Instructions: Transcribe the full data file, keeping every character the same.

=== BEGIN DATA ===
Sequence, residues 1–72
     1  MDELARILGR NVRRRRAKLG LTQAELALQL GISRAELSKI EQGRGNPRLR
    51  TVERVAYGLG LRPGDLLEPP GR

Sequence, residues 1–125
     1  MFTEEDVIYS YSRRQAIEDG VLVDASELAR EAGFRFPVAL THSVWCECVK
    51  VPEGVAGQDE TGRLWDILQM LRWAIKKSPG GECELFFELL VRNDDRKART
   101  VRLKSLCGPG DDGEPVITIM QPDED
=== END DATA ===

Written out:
Sequence, residues 1–72
     1  MDELARILGR NVRRRRAKLG LTQAELALQL GISRAELSKI EQGRGNPRLR
    51  TVERVAYGLG LRPGDLLEPP GR

Sequence, residues 1–125
     1  MFTEEDVIYS YSRRQAIEDG VLVDASELAR EAGFRFPVAL THSVWCECVK
    51  VPEGVAGQDE TGRLWDILQM LRWAIKKSPG GECELFFELL VRNDDRKART
   101  VRLKSLCGPG DDGEPVITIM QPDED